NICOSIA – After almost four years – including a bailout and capital controls – Cyprus’ economy has come back, showing growth in the first quarter.
Official figures released May 13 showed an expansion of 1.6% in an indicator that tough austerity measures and big losses suffered by depositors, who lost nearly half of accounts over 100,000 euros, has paid off for the government if not the people.
It was the first time the Cypriot economy had grown since the second quarter of 2011 and came after a contraction of 0.4% in the fourth quarter of 2014.
Seasonally adjusted data showed that year-on-year the economy grew 0.2% compared to a 1.8% retreat in 2014.
Finance Minister Harris Georgiades hailed an “important development which underlined the positive prospects of the Cyprus economy.”
He said there was a “long way to go” as the recovery was at an embryonic stage and therefore remained “fragile”.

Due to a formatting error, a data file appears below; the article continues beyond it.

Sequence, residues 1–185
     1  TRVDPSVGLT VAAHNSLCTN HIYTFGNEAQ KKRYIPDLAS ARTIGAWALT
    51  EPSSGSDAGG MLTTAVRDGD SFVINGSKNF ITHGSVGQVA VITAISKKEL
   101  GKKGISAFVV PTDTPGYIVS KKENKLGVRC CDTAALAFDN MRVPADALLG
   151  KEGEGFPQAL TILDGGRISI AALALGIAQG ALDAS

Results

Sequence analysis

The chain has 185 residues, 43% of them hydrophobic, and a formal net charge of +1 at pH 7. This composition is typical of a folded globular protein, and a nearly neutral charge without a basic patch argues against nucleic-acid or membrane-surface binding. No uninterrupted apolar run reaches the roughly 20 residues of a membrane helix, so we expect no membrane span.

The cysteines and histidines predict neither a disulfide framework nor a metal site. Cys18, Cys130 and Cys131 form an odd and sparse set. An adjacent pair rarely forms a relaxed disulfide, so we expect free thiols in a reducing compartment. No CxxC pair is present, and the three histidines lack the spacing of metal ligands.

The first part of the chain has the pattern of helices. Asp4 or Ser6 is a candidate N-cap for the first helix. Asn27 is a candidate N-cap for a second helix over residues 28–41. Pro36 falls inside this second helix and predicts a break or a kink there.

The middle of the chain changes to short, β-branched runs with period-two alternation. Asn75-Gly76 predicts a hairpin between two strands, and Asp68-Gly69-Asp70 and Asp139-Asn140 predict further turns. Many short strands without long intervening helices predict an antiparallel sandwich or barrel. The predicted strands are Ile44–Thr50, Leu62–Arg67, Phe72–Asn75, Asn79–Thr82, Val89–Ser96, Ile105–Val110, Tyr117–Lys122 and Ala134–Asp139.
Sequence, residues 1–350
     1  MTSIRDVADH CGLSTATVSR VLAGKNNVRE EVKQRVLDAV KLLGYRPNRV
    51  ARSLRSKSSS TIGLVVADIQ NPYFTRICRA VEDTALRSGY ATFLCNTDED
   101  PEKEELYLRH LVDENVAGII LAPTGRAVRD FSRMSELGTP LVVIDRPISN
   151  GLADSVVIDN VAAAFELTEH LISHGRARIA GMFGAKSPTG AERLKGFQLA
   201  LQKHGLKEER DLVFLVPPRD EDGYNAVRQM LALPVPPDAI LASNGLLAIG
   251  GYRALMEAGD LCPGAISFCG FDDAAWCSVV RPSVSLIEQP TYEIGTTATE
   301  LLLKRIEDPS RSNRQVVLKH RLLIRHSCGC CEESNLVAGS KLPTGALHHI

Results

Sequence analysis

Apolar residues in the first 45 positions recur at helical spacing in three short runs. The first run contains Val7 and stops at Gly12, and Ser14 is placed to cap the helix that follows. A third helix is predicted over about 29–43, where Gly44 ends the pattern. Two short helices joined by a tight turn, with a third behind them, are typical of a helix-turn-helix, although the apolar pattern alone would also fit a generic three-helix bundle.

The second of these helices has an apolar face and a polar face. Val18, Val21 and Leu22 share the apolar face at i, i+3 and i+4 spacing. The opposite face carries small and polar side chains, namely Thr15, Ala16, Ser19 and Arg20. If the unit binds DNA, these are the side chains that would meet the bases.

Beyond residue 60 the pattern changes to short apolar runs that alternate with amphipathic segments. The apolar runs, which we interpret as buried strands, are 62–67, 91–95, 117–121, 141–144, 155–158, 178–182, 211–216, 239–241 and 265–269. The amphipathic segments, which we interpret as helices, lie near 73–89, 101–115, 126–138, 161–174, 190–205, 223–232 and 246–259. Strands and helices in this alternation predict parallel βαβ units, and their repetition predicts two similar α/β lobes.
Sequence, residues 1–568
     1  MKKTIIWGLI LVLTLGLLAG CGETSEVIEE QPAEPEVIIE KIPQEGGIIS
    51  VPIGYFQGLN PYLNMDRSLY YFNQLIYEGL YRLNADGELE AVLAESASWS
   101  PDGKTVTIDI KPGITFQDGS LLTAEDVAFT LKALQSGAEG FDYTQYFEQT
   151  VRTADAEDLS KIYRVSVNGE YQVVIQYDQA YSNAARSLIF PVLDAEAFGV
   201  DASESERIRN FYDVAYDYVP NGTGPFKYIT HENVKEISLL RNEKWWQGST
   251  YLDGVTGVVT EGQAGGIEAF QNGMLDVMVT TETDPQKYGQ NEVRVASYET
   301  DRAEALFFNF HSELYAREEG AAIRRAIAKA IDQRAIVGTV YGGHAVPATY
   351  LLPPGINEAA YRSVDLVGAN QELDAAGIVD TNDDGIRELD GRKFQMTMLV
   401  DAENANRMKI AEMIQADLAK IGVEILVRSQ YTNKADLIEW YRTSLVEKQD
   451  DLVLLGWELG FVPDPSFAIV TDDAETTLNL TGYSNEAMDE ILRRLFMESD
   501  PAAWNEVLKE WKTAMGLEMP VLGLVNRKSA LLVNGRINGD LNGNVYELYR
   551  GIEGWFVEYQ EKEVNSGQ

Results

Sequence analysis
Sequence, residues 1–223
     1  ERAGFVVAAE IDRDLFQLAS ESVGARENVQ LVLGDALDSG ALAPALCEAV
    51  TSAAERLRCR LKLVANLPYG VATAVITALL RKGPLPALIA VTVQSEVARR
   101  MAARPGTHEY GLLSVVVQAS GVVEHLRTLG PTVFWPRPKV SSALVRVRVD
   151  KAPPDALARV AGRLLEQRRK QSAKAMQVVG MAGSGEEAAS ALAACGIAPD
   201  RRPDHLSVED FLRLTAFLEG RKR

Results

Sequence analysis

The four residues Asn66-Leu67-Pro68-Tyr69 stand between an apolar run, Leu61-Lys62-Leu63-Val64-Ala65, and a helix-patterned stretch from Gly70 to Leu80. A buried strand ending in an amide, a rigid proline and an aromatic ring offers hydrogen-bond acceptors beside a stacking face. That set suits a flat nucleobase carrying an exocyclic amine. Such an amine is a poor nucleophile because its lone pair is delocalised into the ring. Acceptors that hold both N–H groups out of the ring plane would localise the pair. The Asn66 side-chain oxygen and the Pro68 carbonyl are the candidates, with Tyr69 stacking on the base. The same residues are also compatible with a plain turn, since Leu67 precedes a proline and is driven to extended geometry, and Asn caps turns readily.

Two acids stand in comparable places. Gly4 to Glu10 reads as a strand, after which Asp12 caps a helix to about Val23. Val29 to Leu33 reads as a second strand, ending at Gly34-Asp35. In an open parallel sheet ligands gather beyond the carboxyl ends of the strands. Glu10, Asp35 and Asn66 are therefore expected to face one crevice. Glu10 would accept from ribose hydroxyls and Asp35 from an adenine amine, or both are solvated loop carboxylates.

“For this reason we must continue our joint effort to reform and consolidate the economy and refrain from premature celebration, but also avoid negativity,” he added.
“We have some way to go. Recovery is at its early stages, and is therefore fragile,” he said in a written statement.
Private demand grew in the first quarter, focused on trade, the hospitality industry and professional services, the statistics department said. Manufacturing and construction saw a decline in output, it added.
Earlier this month, the European Commission forecast Cyprus’ economy would contract 0.5% this year and grow 1.4% in 2016.
The state statistical service said there were positive growth rates in hotels, trade, restaurants, electricity, health, education, legal and accounting services in the first quarter, RTE reported. But there was a contraction in construction and manufacturing.
Two years ago, the government had to ask the international lenders for a 10 billion euro bailout that came with tough conditions prompting protests and demonstrations and the closing of one state bank.